Ane Mulligan writes Southern-fried fiction served with a tall, sweet iced tea. She firmly believes coffee and chocolate are two of the four major food groups. Novelist and playwright, Ane is the executive director of Players Guild@Sugar Hill, a new community theater and president of the award-winning literary site, Novel Rocket. She resides in Sugar Hill, GA, with her artist husband and a dog of Biblical proportion. You can find Ane at her website, Novel Rocket, Facebook, Twitter, Pinterest, and Google+
An Interview with Claire Bennett
by Ane Mulligan, posing as Ginger Solomon
Today my guest is Claire Bennett, the main character in Chapel Springs Survival, by Ane Mulligan.
GS: Claire, I have to know. Is it true your son Wes got a mail-order bride? In the 21st Century?
CB: Yes, Ginger, it’s true. To make it worse, she’s from Brazil. I swanney, trying to love this girl is like hugging a prickly cactus. I’ve been rebuffed, ridiculed, and rejected by her.
GS: Oh my, I’m sorry. I don’t know what I’d do if one of my sons did that.
CB: I tried to do a number of things, but none of the legal ones worked, and Wes refused to have the marriage annulled. Believe me, it hasn’t been easy.
GS: I heard another rumor that you—
CB: Has Dale Riley been over to see you? He’s the biggest rumormonger in Chapel Springs, and believe me, we have some cantankerous gossips here. You should know y’all can’t believe a word Dale says. And if by some wild stretch of the imagination he’s telling the truth, you can believe he’s embellished it like a fiction writer.
GS: So, you’re saying there isn’t any illegal art being displayed in your art gallery, The Painted Loon?
CB: I did not know it was illegal. I swanney, it was a complete case of mistaken identification.
CB: It’s truly embarrassin’, Ginger, but the truth is they aren’t my recipes. You see, the author—what was her name? Oh, Ane Mulligan, right, that’s it—well, she has some fans who love me and my friends. They meet everyday in virtual Dee’s ‘n’ Doughs, while we meet in the real one. They pretend they’re us! They’re the ones who decided they needed to put out a cookbook.
They went through their recipe files and pulled out the ones their friends all clamor for them to bring to every potluck and family gathering. Then they sent them to Ane. Her publisher loved the idea and voila! The cookbook was born.
GS: Have you tried to make any of them? I mean, I read what happened at Henderson’s Fresh Market Cooking School in Chapel Springs Revival.
CB: If they didn’t have a Halon fire extinguishing system, it wouldn’t have made the papers. And no, I learned my lesson. It seems God didn’t dip me in the cooking-gene pool. I leave that to Joel and my twins. I did try to make Patsy’s Wasabi Salmon once, but I didn’t have any wasabi. How was I to know I couldn’t put green food coloring in baking soda and have it come out the same? However, in my defense, I make the best coffee in Chapel Springs. And Jell-o Jigglers. And salad. I can open any bag of salad you put before me.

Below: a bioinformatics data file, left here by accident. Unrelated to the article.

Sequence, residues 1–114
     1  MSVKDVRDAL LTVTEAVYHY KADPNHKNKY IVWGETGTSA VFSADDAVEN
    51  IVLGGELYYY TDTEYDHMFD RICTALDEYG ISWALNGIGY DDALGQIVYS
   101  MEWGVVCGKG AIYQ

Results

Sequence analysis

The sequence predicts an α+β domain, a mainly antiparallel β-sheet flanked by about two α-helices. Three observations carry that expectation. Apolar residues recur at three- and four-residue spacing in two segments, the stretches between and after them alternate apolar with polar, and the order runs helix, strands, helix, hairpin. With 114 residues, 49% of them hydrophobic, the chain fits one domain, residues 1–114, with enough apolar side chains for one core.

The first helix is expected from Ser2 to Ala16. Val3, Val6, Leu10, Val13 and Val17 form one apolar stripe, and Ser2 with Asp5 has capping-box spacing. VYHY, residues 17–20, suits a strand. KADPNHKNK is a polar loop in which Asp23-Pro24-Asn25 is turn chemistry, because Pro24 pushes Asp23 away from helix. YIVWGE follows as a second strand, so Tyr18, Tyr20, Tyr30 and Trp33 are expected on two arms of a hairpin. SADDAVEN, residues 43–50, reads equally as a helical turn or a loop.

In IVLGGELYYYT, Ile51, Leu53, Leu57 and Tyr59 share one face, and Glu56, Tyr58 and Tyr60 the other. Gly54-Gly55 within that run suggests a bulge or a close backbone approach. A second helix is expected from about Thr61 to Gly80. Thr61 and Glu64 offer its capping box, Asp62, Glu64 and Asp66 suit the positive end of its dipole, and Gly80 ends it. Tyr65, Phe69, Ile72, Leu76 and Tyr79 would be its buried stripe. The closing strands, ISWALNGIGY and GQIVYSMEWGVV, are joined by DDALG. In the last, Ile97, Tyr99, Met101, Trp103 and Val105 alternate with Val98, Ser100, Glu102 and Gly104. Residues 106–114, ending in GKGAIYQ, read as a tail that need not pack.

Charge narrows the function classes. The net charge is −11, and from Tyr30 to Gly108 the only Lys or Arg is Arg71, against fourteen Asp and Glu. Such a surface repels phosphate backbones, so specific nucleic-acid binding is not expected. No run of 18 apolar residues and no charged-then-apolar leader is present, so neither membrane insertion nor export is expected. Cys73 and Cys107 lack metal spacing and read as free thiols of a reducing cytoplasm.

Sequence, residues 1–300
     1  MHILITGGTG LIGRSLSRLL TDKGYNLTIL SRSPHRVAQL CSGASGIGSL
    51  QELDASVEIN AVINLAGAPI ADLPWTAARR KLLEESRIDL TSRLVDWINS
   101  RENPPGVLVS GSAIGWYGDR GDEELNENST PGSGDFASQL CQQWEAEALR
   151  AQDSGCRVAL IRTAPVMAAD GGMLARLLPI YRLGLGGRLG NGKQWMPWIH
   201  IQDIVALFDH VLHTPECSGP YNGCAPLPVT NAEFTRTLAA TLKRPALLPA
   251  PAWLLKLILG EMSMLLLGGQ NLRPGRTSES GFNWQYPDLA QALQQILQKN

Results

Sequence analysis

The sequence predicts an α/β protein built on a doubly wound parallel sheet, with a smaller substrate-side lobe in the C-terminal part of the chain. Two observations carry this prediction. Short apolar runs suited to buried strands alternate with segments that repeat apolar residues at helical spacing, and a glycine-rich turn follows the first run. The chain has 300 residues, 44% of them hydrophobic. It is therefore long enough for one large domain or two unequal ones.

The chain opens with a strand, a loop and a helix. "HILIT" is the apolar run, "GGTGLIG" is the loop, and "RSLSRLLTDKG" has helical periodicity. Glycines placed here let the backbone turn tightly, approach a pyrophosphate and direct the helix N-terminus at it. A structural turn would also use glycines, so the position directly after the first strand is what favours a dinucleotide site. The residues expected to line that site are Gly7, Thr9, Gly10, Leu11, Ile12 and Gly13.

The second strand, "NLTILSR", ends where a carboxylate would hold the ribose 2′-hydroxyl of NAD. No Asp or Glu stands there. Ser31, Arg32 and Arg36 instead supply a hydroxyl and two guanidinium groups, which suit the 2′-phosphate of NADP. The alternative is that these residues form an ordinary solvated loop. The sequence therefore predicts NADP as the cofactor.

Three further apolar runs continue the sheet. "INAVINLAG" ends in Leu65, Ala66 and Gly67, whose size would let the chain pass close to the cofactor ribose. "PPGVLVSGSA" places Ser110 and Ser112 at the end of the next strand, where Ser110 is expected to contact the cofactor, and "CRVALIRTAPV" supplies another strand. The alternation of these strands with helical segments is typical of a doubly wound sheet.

GS: How did you feed your kids? Did they live on PB&J sandwiches?
CB: Not on your life. My Joel always wanted to be a chef, but his daddy called it a girlie job. I guess he never saw Guy Fieri or Emeril Lagasse. BAM! From the day we got married, Joel has been our cook, and he’s wonderful. He taught me how to do the prep work and the shopping. It works.
GS: Oh, I love a man that cooks. My hubby taught me to cook. I do most of it now, but he still gets Saturday nights. YUM! So, tell me what your favorite recipe is from the cookbook.
CB: That’s not fair! They’re all great, but there’s one that the ladies at the author’s bank keep askin’ for, and that’s the Avocado Potato Salad. Ever since Ane mentioned it in Chapel Springs Revival, they’ve been pestering her for the recipe.
I had to go scrambling to see who made it and find out if she’d give up the recipe. She did, thankfully. Now Author doesn’t have to change banks.
GS: That’s convenient. Will Author let you share a bit of an excerpt from Chapel Springs Survival?
CB: Sure she will. Here’s the beginning of the story. I think you’ll like it. It got a 4-Stars from RT BookReviews.
Like shot pinball, Claire Bennett pinged against, around and between hordes of straw hats, bikinis, and plaid shorts. All along Sandy Shores Drive, shoulder-to-shoulder throngs of people crowded the sidewalk and spilled into the avenue. A party atmosphere—with noise level to match—permeated the quiet morning and their once peaceful village.
What had they done? When she and her friends envisioned the revitalization of Chapel Springs, it was a nice, controlled rise in tourist trade—not this craziness.
One bruised elbow later, Claire reached the door of her art gallery, The Painted Loon, and turned her key in the lock. A heavy hand grasped her shoulder. Her heart skipped a beat. Was she about to be robbed?